Saturday was Maple Festival in Cabot. There was a pancake breakfast with local sugarmakers’ syrup set out in a row of pitchers for sample comparisons. Anson Tebbetts was operating the Vermont sugarmakers’ new sugar shack making sugar on snow. Local craft vendors filled the Cabot school gymnasium with maple and non-maple related crafts. Raven’s Claw Forge was demonstrating blacksmithing techniques using my grandfather’s forge – my own forging is now limited to straightening gutter cleaning paddles. There were horse drawn wagon rides and lumber carving. This is Cabot’s way of kicking off the open sugar house day.
All around Cabot (and around the state) sugarmakers opened up their sugarhouses to visitors. My sugarhouse was buzzing with people, kids, and maple syrup all afternoon – even though it is close to half a mile off the very muddy town road so the visitors I get have to really want to be there.
A frozen night the night before and an absolutely gorgeous warm, sunny day had the sap flowing like crazy. The sap puller was pulling 17 inches of suction so the sap was coming into the holding tank almost as fast as I could boil it. This was really the first day that I felt good about the way the sap puller aided in my operation, probably due to the extra work put into the sap lines and new fittings in.
I had a wide variety of visitors showing up on antique snow machines, snowshoes, sleds and skis; there was a marine biologist and his family from Woods Hole, a veterinarian from Delaware visiting home, a local dairy farmer / sugar maker, two local authors, friends, neighbors and my family.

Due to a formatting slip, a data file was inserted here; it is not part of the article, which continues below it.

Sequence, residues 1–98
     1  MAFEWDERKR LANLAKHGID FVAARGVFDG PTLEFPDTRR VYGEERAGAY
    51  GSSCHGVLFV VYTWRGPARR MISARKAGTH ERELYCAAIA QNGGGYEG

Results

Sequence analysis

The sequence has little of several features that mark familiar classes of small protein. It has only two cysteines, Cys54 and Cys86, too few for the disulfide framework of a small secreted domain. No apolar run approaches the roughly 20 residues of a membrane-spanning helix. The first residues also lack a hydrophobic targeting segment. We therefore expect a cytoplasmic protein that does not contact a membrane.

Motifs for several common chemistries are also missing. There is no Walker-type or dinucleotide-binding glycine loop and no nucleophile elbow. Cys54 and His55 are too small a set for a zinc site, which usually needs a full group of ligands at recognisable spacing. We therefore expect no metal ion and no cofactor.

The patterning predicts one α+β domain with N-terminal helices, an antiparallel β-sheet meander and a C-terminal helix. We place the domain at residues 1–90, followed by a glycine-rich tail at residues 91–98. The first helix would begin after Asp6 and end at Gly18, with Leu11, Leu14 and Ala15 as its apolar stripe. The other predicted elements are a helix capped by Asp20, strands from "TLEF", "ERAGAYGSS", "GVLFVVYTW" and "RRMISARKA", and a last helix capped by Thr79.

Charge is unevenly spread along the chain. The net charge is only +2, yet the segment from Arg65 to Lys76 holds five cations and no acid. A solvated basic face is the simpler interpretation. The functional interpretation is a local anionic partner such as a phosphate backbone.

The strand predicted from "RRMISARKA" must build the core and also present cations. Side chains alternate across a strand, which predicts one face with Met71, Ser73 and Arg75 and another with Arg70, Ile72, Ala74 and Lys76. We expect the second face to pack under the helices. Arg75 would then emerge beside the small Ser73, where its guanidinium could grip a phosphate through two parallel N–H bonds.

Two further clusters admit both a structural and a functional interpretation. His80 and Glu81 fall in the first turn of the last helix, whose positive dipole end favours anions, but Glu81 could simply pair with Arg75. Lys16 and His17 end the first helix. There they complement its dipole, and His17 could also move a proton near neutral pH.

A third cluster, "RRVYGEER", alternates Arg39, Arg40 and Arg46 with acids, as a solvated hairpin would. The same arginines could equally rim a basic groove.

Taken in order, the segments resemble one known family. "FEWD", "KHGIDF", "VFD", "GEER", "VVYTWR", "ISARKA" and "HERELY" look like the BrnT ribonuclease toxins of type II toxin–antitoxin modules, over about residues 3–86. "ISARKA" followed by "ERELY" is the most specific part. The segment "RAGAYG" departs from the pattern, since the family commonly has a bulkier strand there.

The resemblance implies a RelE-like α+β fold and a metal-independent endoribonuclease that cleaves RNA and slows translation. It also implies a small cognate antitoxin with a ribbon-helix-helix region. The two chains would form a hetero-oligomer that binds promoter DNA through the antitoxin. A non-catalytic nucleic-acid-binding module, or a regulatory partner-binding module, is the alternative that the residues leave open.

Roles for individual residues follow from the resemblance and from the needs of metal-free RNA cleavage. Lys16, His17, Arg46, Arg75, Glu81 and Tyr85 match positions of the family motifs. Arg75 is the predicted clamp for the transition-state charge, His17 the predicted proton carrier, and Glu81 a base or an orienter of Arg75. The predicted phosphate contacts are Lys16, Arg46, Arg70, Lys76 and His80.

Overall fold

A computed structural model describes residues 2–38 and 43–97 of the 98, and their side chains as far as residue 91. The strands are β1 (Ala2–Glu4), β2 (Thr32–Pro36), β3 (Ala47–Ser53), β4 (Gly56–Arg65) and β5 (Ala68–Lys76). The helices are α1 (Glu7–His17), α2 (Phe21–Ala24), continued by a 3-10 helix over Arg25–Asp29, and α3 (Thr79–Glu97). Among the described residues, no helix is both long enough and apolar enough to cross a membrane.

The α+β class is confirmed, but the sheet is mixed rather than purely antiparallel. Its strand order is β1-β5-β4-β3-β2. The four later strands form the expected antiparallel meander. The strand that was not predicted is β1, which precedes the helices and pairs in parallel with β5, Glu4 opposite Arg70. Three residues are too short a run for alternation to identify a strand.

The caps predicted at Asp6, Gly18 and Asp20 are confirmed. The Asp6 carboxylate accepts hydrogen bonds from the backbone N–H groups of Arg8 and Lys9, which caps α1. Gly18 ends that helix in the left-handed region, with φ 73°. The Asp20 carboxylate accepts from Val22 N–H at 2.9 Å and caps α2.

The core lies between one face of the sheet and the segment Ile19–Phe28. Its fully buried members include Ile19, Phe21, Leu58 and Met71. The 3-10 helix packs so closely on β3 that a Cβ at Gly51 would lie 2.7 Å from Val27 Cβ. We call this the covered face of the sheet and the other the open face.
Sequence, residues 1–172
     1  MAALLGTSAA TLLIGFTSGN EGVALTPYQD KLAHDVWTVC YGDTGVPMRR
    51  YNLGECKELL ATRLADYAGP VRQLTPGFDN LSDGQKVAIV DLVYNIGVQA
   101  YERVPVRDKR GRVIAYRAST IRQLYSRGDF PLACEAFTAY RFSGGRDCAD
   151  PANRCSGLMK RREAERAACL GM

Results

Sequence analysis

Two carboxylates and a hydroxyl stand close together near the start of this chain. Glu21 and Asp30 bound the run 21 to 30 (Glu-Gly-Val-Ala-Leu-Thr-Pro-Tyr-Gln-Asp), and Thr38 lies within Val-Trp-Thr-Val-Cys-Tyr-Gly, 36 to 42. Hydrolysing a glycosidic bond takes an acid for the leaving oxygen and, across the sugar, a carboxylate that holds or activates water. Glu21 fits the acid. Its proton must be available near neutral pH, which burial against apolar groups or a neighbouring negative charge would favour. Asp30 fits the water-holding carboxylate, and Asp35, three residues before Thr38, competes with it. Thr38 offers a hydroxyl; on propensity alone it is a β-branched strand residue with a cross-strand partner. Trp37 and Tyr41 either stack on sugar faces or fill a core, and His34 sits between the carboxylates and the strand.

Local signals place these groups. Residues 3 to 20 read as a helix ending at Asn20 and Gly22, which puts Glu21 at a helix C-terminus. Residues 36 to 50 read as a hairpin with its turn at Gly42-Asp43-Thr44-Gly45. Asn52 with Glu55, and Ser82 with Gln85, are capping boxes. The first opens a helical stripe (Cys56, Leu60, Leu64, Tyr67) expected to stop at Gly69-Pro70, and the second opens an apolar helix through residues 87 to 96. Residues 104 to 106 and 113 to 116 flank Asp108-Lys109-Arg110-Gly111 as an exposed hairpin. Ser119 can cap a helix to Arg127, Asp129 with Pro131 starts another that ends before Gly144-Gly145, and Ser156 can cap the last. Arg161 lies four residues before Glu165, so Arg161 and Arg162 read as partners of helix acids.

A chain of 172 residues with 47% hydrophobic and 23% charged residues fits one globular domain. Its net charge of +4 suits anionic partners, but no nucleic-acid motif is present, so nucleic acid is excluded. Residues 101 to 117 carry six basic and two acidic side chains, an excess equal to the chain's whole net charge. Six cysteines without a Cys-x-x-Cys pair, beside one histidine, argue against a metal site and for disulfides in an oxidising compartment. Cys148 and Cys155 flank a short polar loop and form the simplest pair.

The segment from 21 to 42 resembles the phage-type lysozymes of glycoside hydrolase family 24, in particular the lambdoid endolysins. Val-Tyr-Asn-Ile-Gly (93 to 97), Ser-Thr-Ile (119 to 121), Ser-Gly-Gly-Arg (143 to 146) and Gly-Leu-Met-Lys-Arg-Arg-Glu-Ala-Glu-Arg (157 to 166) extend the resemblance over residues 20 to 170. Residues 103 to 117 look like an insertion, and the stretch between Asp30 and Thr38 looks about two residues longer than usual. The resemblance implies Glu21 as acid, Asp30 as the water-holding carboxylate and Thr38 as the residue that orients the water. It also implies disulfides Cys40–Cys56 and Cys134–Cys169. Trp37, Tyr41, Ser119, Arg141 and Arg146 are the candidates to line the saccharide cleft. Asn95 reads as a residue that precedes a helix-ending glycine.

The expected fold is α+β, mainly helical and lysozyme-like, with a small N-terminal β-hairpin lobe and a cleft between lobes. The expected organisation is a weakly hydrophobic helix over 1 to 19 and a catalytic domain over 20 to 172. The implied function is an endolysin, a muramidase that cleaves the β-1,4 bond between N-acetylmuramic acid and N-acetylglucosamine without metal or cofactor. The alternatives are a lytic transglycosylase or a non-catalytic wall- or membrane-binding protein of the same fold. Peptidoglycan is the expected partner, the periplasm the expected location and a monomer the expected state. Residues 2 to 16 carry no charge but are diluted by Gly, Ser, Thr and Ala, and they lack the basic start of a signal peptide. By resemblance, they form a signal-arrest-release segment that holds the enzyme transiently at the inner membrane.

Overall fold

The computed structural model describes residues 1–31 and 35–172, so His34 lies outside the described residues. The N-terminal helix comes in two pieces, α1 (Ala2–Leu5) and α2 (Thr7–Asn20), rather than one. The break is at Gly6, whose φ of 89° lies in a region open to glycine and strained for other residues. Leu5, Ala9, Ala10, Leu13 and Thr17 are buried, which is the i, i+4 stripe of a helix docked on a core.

These folks were a big help to have around, and at the same time it’s hard to keep track of everything in the sugarhouse when it’s full of people. My visitors helped wood firing the arch, grading the syrup, canning the syrup, checking main lines for leaks, mapping out and counting taps in the woods and bringing down sugar wood with the snow machine. We ate biscuits and syrup, Swedish pancakes, hot dogs with ketchup mustard and maple syrup, chips and salsa, and popcorn. Kids were playing hide and seek in and out of the sugar house. And there was a lot of talking – there must have been ten different discussions going on at once and I couldn’t keep track of all my conversations.
When everything is running in the sugarhouse it’s like a system and when I’m there by myself I can sense the parts of the system, how it’s running, what it smells like, how it sounds, but when people are there you lose those senses. So we were off to a bumpy start when a chunk of ice lodged in the drain valve of the main sap tank and I didn’t realize it until everything was boiling fast and all of a sudden the sap supply was shut off. Quick work with a torch and a pole inserted in the drain of the sap tank averted near disaster. As one visitor pointed out, I’m not the first sugarer to make that mistake – he’d done the same thing with frozen sap a few years before.
In the end, the sap ran well, the sap puller worked, the boiling went well, the inventory showed I had more taps than I thought, I was surrounded by people, I sold a tenth of what I’ve made for syrup, and I ended exhausted and thinking ‘This was a fantastic day.’
If you want to order syrup e-mail me at firstname.lastname@example.org. I sell at $45 a gallon, $30 a half gallon, $20 a quart, and $12 a pint. Or, in the summer, purchase it from Dancing Carrot Farm.
I’m collecting pictures of all the different foods I’m seeing this season that use maple syrup – if you’ve seen interesting ways fresh syrup is being used, send me a picture and I’ll put it up in a future post.